[read more




The Holy Land: A Moving Map
At Hanukah we celebrate a victory, in the second century b.c.e., of the Maccabees over Antiochus IV, Emperor of the Seleucid Empire sprung from the earlier Macedonian Empire of Alexander the Great. The animated map of empires (linked below) suffers from issues of simplification, approximation and political viewpoint. But it tells a 5000 year history of the eventful crossroads we call the Middle East.




Untenable Judicial Ethics
Originally published in the November 27, 2010 edition of the New York Times

When Pennsylvania’s Chief Justice Ronald Castille came to New York City’s Waldorf Astoria last December for the 111th annual meeting of the Pennsylvania Society, a booster club for the state, a law firm picked up the $1,900 tab. As The Philadelphia Inquirer reported, that is one of many gifts of dinners, event tickets, golf outings and plane rides the chief justice has gotten, some from people with cases decided by his court.

Because the chief justice reported the gifts, the favors were not illegal. By the court’s standard, they were not unethical either. The court says it has the power to establish rules of ethics for state lawyers and judges. All state judges (not dealing with minor cases) can accept any gifts if they disclose them.


[read more]





Jewish Voters, Obama and the Great Elephant Hunt
by J.J. Goldberg
Originally published in the November 10, 2010 edition of the Forward.

Looking at the midterm election results, even a casual observer can find any number of obvious, unavoidable lessons about the state of our nation. For all the Republican chest-thumping and Democratic breast-beating in the election’s aftermath, it’s hard to miss the core truths that were exposed: the intensity of the economic distress, the depth of public frustration with politicians and the crippling extremity of politicians’ own polarization.

Here’s another lesson, not quite as obvious: the depth of the schism that’s increasingly dividing American Jews from one another — and from Israel. We’ve known for some time that we are growing apart in many ways, liberals from conservatives, Orthodox from Reform, Zionists from human rights activists. Now, with little warning, we’re finding that the various little fissures are merging to form a great, yawning chasm.


[read more]





Focus on Sudan's political referendum obscures trouble in Darfur
Originally published in the November 19, 2010 edition of the Washington Post

Reports are trickling in of increasing government-supported violence against Darfuris, deteriorating humanitarian conditions and widespread attacks on war-torn Darfur's beleaguered civil society. But the world has done little to acknowledge, much less address, this rapidly declining situation. Preparations for the North-South political referendum, which has potential for huge bloodletting, are sucking up all the oxygen. Even if Sudan peacefully splits, Darfur is headed for humanitarian and political purgatory.


[read more]




Support the post office....
A woman goes to the post office to buy stamps for her Hanukah cards.

She says to the clerk, "May I have 50 Hanukah stamps?"
The clerk says, "What denomination?"
"Oh my God," the woman says, "has it come to this? Give me 16 Orthodox, 22 Conservative, and 12 Reform."


Oh Hanukah Comes Out of the Kitchen
1.Each Chanukah we glorify Brave Judah
Who had the courage to defy Antiochus, and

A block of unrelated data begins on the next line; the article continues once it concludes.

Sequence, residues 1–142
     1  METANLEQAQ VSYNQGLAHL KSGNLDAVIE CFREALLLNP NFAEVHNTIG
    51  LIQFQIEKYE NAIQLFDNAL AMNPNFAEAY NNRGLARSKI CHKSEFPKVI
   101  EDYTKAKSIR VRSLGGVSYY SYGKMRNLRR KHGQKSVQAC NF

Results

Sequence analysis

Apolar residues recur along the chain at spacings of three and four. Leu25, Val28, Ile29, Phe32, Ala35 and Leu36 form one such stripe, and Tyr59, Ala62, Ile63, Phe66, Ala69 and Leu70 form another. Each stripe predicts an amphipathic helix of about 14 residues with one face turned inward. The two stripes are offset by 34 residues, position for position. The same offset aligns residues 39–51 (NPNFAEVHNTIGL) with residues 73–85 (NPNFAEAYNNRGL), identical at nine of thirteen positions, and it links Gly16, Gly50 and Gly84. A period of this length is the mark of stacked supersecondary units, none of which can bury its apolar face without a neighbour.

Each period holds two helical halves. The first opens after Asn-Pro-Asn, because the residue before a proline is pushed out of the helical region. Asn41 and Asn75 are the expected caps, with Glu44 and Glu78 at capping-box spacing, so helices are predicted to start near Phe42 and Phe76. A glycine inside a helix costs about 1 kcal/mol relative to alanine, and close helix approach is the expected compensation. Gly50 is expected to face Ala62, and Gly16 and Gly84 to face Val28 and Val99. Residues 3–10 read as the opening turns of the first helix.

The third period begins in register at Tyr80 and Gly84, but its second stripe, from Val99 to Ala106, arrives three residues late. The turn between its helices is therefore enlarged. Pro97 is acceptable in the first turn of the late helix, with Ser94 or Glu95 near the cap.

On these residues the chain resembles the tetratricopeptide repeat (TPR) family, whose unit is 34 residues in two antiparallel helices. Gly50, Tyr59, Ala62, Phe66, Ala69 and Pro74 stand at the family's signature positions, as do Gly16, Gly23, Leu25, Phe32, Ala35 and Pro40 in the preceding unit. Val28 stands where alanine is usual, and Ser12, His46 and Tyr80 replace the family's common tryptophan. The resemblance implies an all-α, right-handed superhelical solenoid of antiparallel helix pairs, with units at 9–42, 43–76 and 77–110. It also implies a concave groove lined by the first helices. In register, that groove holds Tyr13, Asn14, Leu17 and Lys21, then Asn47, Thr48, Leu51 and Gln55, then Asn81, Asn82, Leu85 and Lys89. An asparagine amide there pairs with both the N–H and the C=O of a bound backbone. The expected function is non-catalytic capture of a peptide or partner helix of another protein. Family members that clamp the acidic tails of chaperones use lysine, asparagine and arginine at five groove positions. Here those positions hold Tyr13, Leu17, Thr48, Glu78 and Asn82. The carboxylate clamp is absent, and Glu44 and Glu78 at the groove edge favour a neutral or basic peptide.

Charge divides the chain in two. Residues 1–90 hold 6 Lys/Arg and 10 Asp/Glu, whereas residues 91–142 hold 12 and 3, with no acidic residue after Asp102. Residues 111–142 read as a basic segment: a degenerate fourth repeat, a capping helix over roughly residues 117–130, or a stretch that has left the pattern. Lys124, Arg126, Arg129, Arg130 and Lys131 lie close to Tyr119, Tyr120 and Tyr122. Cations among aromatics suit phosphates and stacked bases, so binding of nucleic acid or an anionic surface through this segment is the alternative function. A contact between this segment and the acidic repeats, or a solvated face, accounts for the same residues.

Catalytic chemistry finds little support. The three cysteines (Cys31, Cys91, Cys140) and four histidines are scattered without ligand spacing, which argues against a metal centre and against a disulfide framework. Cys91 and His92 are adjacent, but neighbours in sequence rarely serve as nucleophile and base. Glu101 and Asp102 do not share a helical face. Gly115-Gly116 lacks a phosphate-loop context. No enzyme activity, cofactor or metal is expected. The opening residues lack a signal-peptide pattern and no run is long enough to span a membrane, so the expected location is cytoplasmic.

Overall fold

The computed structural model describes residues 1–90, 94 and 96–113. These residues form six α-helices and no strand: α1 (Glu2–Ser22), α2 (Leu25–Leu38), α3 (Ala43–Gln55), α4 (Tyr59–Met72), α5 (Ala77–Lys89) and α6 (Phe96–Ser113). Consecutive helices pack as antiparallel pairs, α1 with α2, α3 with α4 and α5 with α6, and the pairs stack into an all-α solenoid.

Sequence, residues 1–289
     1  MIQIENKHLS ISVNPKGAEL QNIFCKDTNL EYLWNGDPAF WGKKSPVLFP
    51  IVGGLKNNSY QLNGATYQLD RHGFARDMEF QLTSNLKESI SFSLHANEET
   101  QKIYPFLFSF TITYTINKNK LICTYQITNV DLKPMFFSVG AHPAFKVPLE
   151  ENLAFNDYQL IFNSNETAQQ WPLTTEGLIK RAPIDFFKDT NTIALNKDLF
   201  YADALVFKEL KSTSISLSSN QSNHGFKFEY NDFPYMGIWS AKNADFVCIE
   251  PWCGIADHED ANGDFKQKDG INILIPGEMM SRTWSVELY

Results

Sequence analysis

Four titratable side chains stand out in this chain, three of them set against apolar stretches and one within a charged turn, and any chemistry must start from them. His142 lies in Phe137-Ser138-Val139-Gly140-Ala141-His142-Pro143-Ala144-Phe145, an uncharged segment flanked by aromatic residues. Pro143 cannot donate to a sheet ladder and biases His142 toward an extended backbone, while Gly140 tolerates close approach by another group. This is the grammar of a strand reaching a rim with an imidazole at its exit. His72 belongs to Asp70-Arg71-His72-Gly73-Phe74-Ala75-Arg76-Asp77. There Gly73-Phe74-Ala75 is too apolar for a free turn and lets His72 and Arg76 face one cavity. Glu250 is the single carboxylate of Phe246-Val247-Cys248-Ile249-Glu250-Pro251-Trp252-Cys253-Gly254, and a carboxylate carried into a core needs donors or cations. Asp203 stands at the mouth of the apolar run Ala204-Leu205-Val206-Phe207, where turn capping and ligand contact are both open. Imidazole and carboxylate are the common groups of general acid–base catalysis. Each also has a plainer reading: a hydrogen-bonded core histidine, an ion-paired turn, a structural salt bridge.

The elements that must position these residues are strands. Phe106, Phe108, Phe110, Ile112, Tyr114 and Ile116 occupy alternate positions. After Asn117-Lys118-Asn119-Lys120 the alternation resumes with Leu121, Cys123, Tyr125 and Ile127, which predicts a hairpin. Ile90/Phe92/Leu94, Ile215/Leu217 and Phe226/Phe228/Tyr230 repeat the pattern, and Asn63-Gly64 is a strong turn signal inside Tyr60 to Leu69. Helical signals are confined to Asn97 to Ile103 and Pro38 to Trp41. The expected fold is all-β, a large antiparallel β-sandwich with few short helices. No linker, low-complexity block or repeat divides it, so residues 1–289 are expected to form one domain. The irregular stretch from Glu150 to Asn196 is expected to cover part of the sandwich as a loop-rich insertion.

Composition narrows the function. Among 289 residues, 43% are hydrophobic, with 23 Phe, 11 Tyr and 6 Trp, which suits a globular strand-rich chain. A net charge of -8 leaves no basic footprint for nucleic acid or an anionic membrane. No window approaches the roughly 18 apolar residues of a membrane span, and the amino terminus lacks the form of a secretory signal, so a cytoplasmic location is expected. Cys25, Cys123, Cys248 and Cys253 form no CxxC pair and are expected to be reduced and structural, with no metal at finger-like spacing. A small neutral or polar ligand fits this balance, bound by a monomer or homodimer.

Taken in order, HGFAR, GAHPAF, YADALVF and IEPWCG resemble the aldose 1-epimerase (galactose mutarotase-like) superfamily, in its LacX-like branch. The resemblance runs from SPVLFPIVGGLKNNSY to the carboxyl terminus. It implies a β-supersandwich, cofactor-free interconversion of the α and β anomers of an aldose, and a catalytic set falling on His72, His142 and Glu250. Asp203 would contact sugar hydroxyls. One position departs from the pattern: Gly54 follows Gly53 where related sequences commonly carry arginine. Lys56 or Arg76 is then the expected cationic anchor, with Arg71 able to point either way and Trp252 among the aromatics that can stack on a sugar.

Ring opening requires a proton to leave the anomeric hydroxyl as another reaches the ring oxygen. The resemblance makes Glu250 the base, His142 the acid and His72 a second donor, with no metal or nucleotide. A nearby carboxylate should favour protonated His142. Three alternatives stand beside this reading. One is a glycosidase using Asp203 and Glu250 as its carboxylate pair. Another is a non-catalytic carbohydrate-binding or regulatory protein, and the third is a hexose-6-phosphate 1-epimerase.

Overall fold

free us.
Yet it is not fair that we should forget
Mrs. Maccabeus, to whom we owe a debt.
She mixed it
She fixed it
She poured it into a bowl
(You many NOT guess
But it was the LATkes
That gave brave Judah a soul)
Repeat last three lines

2.The Syrians said: It cannot be that old
Whose years are more than 83 will dare to
defy us!
But they didn't know his secret you see
Mattathias dined on latkes and tea.
One latke
Two latkes
And so on into the night
( You may NOT guess
But it was the Latkes
That gave him courage to fight)
Repeat last three lines

3.Now this is how it came about this
gastronomic wonder
That broke the ranks of Syria like flaming
bolts of thunder
Mrs. Maccabeus wrote in the dough
Portions of the Torah and fried them just so.
They shimmered
They glimmered
Absorbing the olive oil
( You may NOT guess
But it was the Latkes
That made the Syrians recoil.)
Repeat the last three lines

4. Now these little latkes brown and delicious
Must have hit the spot ?cause with appetites
All the heroes downed them after their toil
Causing in our temple a shortage of oil.
One latke
Two latkes
And so on into the night
( You may NOT guess
But it was the Latkes
That gave us the Chanukah light)
Repeat the last three lines





Oh Chanukah, Oh Chanukah


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JSPAN Officers
Brian Gralnick

Kenneth Fox
Vice President

Judah Labovitz
Vice President

Ruth Laibson
Vice President

Kenneth Myers
Vice President

Stephen Applebaum

Stewart Weintraub
Secretary & General Counsel

Susan Myers
Policy Centers Chair


Jeffrey Pasek, Chair
Alex Urevick
Sheila Ballen
Susan Bolno
Adam Bonin
David S. Broida
Deanne Comer
Hon. Ruth Damsker
Marshall Dayan
William Epstein
Sarita Gocial
Paula Green
Margot Horwitz
Rhoda Indictor
Lazar Kleit
Rabbi Robert Layman
Richard I. Malkin
Theodore Mann
Mark Newman
Maureen Pelta
Adena Potok
Audrey Ann Ross
Randy Schulz
J. Sanford Schwartz
Daniel Segal
Burt Siegel
Marc Stier
Rabbi David Straus
Mike Weilbacher
Deborah Weinstein
Lynn Zeitlin
Jill Katz Zipin

Executive Director:
Lynn Gottlieb, Esq.

Kenneth Myers

Ira Goldberg






















The newsletter contains articles and links to articles that we think will be of interest to JSPAN members. They are included for informational purposes, but unless otherwise stated, they do not necessarily reflect official JSPAN policy.